There’s a great article in this week’s New Yorker about a new form of therapy designed to treat the estimated 20% of Iraq and Afghanistan veterans who are returning to the US with post-traumatic stress disorder (PTSD).
The therapy is based on virtual reality – using a specially-modified version of the game Full Spectrum Warrior, which was partly designed by the Pentagon as a training programme, though civilians can also buy it and play it on their PCs or consoles.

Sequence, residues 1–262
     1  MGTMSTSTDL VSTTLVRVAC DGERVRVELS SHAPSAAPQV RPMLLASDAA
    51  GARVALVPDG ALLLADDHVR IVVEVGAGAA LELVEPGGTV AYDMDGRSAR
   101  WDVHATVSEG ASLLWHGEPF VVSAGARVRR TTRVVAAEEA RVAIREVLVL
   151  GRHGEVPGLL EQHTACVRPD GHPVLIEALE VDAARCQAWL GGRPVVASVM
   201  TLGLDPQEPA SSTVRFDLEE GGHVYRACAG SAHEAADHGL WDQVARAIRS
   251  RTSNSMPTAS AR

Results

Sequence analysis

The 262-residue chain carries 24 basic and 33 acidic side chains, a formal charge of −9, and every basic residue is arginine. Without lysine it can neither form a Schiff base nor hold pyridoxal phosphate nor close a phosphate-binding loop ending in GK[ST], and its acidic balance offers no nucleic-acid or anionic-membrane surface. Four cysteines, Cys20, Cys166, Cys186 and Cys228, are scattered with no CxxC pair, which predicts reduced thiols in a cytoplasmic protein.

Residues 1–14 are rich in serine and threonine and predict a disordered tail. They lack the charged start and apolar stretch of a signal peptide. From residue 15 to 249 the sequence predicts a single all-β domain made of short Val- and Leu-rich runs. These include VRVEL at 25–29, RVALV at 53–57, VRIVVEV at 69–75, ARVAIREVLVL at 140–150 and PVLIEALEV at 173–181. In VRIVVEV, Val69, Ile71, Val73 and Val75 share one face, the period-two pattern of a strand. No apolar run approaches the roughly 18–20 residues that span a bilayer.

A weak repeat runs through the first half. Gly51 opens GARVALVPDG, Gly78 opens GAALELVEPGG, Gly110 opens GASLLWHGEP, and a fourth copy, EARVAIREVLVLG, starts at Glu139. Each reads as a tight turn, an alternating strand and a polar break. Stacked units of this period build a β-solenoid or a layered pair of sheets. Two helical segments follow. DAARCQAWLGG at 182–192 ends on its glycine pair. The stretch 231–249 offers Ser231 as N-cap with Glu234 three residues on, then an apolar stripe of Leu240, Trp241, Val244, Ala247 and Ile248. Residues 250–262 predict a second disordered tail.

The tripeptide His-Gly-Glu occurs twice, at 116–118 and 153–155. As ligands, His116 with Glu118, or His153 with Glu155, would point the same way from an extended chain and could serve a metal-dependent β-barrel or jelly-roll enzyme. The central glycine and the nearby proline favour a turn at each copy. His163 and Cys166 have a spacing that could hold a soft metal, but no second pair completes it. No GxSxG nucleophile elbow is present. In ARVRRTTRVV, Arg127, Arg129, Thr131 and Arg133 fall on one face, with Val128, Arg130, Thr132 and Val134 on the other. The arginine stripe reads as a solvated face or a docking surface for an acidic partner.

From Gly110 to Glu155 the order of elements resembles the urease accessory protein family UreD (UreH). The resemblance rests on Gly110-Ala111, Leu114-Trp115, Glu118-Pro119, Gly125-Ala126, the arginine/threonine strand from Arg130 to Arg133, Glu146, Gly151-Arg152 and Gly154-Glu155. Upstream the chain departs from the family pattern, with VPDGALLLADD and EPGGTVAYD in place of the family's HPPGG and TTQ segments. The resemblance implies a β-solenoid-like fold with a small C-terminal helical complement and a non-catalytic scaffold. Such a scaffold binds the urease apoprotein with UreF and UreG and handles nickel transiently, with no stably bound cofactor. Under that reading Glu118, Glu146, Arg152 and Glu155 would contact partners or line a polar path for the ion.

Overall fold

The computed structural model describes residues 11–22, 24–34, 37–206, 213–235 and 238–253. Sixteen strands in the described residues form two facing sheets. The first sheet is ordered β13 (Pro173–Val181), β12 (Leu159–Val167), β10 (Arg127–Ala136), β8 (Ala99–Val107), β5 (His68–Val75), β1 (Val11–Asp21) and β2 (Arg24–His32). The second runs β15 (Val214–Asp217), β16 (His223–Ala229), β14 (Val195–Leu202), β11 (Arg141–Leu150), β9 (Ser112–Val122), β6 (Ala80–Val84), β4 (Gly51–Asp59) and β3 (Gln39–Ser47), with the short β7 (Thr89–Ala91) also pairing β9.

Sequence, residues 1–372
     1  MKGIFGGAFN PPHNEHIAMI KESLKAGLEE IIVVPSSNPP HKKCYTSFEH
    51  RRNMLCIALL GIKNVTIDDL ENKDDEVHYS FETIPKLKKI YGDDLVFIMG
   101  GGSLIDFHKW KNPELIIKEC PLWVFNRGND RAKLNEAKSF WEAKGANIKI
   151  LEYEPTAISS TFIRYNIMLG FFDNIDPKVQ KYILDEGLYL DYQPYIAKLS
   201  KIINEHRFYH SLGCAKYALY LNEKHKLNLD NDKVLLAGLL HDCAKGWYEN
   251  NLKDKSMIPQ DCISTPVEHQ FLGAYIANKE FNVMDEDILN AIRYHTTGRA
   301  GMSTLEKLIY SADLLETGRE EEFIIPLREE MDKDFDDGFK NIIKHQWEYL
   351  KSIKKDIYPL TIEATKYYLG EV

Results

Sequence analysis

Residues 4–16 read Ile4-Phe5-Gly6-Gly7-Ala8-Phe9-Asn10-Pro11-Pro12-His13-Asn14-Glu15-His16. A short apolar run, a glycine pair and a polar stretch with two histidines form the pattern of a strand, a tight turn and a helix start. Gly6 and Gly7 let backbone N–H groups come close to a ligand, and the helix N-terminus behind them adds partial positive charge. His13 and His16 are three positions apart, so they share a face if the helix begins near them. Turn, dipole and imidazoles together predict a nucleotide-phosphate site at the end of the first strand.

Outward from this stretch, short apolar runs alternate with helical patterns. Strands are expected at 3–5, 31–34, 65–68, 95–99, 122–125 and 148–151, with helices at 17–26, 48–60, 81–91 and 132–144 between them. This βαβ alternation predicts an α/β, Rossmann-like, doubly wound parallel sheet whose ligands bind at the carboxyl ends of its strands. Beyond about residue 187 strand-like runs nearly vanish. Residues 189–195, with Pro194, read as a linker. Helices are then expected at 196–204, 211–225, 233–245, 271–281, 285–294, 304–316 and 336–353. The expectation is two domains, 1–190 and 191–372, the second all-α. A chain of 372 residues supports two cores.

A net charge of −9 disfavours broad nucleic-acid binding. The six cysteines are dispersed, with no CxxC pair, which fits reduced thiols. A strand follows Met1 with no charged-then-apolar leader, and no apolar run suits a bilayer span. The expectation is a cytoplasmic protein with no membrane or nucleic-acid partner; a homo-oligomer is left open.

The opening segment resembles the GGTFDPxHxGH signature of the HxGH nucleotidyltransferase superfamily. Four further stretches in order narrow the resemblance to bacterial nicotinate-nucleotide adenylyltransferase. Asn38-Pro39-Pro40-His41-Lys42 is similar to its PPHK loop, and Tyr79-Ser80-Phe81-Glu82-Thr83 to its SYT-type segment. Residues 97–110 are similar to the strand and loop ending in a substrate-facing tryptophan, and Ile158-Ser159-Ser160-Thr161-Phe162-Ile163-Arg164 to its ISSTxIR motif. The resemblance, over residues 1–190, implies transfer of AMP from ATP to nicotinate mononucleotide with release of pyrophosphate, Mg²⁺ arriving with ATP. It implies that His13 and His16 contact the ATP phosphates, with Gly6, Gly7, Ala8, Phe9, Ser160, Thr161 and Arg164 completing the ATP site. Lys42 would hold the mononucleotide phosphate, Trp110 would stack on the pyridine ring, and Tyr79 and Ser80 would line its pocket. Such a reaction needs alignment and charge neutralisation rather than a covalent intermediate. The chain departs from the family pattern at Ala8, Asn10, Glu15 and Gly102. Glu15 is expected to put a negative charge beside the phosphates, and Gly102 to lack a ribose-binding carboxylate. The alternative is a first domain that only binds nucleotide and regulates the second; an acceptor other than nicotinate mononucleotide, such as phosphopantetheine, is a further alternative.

The special therapeutic version, called Virtual Iraq, uses a head-set that fully immerses the player in the environment. Psychologists then use it to re-expose the patient to the incident that caused their trauma, the incident which is lodging in their memory like shrapnel, and not letting them get on with their life.
The programme can be modified to quite detailed specifications – the psychologist can take the patient to a number of different environments, such as walking through a market, or driving along a road in a Humvee, and can introduce elements such as helicopters flying over head, people shouting in Arabic, even ‘the smell of burnt hair’.